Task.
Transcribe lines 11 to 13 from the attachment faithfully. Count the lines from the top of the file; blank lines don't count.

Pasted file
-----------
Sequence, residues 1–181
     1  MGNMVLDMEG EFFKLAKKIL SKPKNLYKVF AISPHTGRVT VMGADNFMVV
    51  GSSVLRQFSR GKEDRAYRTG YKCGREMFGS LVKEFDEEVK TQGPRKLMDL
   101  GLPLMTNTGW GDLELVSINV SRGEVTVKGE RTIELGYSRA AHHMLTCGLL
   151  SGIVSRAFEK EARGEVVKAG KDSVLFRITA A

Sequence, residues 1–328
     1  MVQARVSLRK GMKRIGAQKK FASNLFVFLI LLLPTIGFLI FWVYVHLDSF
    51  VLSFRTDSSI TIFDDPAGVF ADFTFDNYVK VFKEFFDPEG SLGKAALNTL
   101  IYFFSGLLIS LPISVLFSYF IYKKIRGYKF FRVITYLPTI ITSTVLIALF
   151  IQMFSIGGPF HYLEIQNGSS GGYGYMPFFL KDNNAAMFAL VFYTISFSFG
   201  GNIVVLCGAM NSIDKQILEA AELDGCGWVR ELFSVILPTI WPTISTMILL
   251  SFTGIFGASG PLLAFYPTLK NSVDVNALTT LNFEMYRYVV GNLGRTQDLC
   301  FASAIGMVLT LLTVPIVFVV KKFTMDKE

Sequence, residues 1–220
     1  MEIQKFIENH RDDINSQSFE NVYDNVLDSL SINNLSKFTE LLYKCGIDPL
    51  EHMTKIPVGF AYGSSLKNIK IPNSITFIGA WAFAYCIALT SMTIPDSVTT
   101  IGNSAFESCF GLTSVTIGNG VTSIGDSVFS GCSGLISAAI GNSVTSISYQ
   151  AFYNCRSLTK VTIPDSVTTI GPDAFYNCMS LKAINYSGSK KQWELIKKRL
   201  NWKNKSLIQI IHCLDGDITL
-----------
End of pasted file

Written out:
   201  GNIVVLCGAM NSIDKQILEA AELDGCGWVR ELFSVILPTI WPTISTMILL
   251  SFTGIFGASG PLLAFYPTLK NSVDVNALTT LNFEMYRYVV GNLGRTQDLC
   301  FASAIGMVLT LLTVPIVFVV KKFTMDKE